Jesus = Commitment, Regardless
One of the things I love about Jesus is that he wasn’t afraid of the dogs. He was quite aware of the reality of evil dogging good. Enemies start nipping early on in all four Gospels until, in the end, they sink their teeth into him.
Regardless, his goal was worth the pain. I might have risked the possibility of the hounds because I enjoyed the ethereal view. Jesus took on the dogs because he was compelled by his mission. The hallmarks of God’s kingdom, justice and mercy, move forward in spite of the danger.
Similarly, if we follow him, we have to risk the teeth marks.
He makes this clear in the introduction to his foundational sermon.
“Happy are people whose lives are harassed because they are righteous, because the kingdom of heaven is theirs. Happy are you when people insult you and harass you and speak all kinds of bad and false things about you, all because of me. Be full of joy and be glad, because you have a great reward in heaven. In the same way, people harassed the prophets who came before you.” (Matthew 5:10-12, CEB)
“Happy,” to me, feels like a bit of a stretch. It seems to convey a party setting, free from constraints.
Maybe better words are “lucky” or “fortunate.”
When you have a passion for justice and mercy, willing to get your hands soiled in the dirty minutiae of politics, in city hall or fellowship hall: you have an opportunity to see life from a broader, richer perspective. You’re lucky because now life has that panoramic view of the Ozark Mountains, seen from 150 feet.
What can be luckier than the chance to feel enriched by knowing you’re doing the right thing for the right reason? Courage and clarity follow conviction.
Or having the luck to make new friendships with like-minded, like-hearted people who share that zeal for Jesus’ righteousness? The fog of human distinctions dissipates when folks bind together around a kingdom cause.
Or being so fortunate as to meet those people for whom you’re advocating, and discovering that they open you up to the fullness of the Gospel? The more diversity around the banquet table, the more diverse the entrees on that table.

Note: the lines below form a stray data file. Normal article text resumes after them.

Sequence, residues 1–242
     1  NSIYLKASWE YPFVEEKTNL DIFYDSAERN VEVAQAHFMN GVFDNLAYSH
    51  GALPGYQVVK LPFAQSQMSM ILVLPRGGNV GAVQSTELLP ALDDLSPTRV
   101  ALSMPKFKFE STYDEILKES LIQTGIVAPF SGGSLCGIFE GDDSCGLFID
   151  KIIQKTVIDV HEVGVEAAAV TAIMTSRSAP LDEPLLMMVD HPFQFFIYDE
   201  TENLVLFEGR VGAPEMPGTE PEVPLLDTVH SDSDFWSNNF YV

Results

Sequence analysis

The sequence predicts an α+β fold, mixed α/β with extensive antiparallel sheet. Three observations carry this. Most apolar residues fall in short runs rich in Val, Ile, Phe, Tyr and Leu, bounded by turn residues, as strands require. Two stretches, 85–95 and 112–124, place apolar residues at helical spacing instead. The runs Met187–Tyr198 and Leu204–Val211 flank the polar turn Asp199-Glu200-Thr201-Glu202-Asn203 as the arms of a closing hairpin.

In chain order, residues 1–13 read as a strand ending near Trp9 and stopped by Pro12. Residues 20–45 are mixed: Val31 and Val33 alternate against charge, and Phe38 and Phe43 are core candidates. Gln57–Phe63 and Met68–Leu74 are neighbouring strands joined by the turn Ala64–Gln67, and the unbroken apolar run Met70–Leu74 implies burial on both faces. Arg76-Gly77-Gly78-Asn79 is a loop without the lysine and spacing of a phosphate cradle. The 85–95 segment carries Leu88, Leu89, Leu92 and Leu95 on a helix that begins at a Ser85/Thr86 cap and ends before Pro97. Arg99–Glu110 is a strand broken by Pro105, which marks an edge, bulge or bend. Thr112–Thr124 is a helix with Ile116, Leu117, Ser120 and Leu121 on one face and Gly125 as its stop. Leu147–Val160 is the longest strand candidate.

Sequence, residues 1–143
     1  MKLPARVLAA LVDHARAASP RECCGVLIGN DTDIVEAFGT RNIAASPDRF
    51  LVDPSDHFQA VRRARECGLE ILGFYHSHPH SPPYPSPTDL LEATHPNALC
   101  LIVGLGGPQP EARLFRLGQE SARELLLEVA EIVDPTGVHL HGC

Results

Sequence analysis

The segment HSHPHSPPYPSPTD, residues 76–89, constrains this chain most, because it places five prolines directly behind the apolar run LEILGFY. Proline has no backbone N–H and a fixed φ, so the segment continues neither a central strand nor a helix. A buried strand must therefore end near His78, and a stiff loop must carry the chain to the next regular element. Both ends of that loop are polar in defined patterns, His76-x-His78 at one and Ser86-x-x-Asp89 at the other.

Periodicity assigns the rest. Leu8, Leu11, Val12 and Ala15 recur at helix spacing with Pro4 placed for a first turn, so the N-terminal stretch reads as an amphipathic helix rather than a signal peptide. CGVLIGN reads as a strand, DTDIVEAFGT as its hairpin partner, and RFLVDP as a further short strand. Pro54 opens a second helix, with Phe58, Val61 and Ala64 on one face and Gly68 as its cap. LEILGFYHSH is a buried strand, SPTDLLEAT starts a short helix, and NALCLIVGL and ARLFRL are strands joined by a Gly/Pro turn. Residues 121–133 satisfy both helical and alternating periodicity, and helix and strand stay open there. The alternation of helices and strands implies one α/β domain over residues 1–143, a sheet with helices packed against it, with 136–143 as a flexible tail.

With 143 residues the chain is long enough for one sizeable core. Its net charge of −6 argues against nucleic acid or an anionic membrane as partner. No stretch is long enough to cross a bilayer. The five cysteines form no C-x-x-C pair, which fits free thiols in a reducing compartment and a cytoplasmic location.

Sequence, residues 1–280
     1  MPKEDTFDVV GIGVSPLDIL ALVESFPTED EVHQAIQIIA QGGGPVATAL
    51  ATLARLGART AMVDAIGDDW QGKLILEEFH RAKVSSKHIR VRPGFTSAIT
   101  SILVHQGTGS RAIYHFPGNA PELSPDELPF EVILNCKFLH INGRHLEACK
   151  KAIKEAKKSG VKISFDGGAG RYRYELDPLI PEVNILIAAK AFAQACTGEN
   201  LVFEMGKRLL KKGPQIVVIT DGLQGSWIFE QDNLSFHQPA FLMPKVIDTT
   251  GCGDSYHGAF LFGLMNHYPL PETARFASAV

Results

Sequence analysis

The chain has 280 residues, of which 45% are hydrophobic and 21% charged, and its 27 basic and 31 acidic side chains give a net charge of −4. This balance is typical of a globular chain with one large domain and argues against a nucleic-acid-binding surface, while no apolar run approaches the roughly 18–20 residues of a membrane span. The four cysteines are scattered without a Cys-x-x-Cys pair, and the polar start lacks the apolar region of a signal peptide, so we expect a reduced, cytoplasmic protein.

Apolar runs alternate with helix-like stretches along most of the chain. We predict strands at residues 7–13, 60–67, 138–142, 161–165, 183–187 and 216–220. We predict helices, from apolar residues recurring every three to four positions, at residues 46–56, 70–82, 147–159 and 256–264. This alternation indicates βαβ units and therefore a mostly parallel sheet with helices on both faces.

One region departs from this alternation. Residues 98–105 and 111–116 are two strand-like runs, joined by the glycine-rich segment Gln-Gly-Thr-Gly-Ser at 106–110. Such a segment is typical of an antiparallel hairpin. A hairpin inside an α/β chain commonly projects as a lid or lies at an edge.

This is the inheritance Jesus called the “kingdom of heaven.” It’s what we experience when we brave the clicking teeth at our heels.
One of the challenges of discipleship is living with that sound. Sometimes, I confess, it’s easier to tone down the Gospel call for mercy and justice, so the dogs can back off a bit.
But the peace Jesus offers isn’t a respite from the cranky canines. It’s peace in the midst of them.
May God grant us courage and perseverance to let the dogs bark and bite if they must.
Our brothers and sisters always carry Bandaids.
2 thoughts on “Dogs Nipping at Your Heels?”
“But the peace Jesus offers isn’t a respite from the cranky canines. It’s peace in the midst of them.”
That’s the peace I experience amidst all the rancor generated against those of us who hold to the traditional interpretation of scripture following the General Conference. And we understand it’s not over yet – pass the Bandaids!
When I joined the (then) Missouri West Conference in 1974 the conference voted by a modest majority to affirm that “homosexuality is not compatible with Christian faith” and to prohibit the ordination of “practicing homosexuals”. Forty five years later the UMC is still high-centered on this issue. In the meantime U.S. membership has declined at a rate of 1 million members lost every 10 years. It looks like there will be a completely minority free, member free UMC in less than 70 years even if a split is avoided.